The Effect of Older Married Adults Sleeping in Separate Beds

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He snores. You toss and turn. Sleeping together is supposed to maintain intimacy in a marriage, but it has its downsides. A host of studies indicates that lovebirds often opt for separate beds, if not separate bedrooms. The Science Times cites a University of Toronto survey indicating that up to 40 percent of married couples sleep apart. However, the same article quotes Neil Stanley, a sleep specialist from the United Kingdom, as saying that this drops to about 8 percent among couples in their 40s and 50s.

Physical Factors

People sleep more soundly alone than they do when they bed down with a partner. Sleeping together can prevent you from falling into the deeper sleep cycles if you stir and partially rouse each time your spouse rolls over or shifts his weight. Men tend to snore more as they get older, so there's the noise factor, as well. Insomnia is common among older adults. The older you get, the more difficult you might find it to fall asleep, or to stay asleep after you initially fall asleep. If your partner wakes you repeatedly throughout the night, it might mean that you're staring at the ceiling for hours.

Gender Difference

Health on reports that men are not only happier sleeping with their spouses, but they are also more able to sleep well with a significant beside them. This isn't so for women. One theory is that women are pre-programmed to wake at the sound of a baby crying in the night. Even if the baby has long since left diapers, that may carry over to sleeping with one ear cocked, waiting for the sounds of Junior to come safely home. If women sleep more lightly to begin with, they might be more inclined to react to noises and movements from their spouses.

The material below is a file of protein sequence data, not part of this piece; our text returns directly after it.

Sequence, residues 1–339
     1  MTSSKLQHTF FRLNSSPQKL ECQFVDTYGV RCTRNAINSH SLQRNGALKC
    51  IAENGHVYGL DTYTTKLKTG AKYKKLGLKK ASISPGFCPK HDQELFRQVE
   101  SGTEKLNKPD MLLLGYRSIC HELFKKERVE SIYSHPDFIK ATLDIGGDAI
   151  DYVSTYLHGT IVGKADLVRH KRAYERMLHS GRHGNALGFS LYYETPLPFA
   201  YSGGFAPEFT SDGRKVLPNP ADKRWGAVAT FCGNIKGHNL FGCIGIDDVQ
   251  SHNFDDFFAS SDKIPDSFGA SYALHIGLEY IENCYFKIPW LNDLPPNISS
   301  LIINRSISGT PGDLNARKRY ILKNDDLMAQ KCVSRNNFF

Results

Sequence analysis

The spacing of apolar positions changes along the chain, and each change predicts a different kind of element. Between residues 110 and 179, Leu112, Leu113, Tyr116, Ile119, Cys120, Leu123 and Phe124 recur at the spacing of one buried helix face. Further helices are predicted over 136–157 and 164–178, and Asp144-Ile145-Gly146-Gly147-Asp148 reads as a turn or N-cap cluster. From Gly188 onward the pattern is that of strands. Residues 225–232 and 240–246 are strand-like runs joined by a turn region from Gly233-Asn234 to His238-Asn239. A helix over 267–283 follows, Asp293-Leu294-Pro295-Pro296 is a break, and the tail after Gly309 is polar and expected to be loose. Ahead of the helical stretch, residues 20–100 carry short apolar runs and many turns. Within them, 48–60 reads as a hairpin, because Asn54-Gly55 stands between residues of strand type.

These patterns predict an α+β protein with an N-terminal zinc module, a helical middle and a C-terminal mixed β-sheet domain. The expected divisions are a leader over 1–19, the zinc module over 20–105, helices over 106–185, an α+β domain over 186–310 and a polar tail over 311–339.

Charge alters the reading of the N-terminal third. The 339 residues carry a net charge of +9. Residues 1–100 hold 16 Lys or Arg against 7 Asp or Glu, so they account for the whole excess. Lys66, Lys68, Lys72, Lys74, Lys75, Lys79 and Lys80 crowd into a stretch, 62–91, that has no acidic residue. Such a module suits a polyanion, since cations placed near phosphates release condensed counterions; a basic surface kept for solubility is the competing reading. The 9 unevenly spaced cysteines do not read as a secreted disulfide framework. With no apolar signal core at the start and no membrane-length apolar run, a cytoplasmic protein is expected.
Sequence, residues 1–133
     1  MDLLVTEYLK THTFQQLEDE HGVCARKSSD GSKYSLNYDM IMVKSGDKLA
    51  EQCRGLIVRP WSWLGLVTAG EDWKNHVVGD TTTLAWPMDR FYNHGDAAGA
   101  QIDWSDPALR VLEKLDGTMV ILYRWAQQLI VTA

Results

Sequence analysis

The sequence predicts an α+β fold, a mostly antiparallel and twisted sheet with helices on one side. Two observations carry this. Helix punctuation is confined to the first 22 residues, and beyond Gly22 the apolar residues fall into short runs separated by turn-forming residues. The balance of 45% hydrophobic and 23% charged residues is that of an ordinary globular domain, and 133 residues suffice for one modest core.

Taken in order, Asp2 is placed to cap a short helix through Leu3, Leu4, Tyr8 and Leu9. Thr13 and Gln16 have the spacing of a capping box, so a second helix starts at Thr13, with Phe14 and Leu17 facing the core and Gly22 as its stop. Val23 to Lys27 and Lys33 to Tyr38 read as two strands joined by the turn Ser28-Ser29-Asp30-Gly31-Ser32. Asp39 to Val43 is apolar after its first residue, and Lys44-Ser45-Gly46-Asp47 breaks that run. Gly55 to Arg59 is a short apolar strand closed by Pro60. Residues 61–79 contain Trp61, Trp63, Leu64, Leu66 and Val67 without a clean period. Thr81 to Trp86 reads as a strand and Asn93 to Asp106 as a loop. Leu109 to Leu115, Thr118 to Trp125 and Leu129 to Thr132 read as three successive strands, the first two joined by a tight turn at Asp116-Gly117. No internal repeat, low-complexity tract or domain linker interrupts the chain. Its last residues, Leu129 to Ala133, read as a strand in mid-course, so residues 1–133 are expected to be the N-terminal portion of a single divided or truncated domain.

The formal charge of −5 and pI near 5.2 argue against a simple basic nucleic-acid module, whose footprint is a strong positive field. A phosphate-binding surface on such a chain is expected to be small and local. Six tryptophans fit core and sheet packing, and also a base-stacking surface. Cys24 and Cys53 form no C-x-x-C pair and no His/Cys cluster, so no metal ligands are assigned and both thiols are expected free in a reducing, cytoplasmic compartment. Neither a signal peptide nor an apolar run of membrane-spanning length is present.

Effect on Marriage

So what happens to your marital relationship if you and your spouse decide to separate at night? Dr. Judith Orloff points out the obvious – when you're well rested, you're less likely to be cranky and irritable. If your hot button is your spouse leaving dirty dishes all over the kitchen, you might be more willing to just drop them in the dishwasher if you slept well last night. If you laid awake, gritting your teeth, your reaction might be to throw the dishes at him. Orloff notes in an article on her website that it's often easier for mature couples to acknowledge these benefits of sleeping apart without panicking that such a sleeping arrangement might ruin the relationship or thinking that there is something fundamentally wrong with it. The important thing is that you maintain intimate and affectionate contact at other times. There's no rule that says sex and touching can only happen after lights out when you share the same bed.

One Size Doesn't Fit All

If you and your spouse are having a hard time sleeping together, identify exactly what it is that's keeping you awake. If it's the noise from hubs' snoring that keeps you from sleeping, you may need separate bedrooms. If your spouse is a nocturnal thrasher, separate beds might do the trick and help preserve your marriage for a long time to come. Depending on the extent of the thrashing or tossing, you can even push twin beds together – you can still reach out and touch, watch television side by side, or do anything else that suits you, without being dislodged every time your spouse rolls over.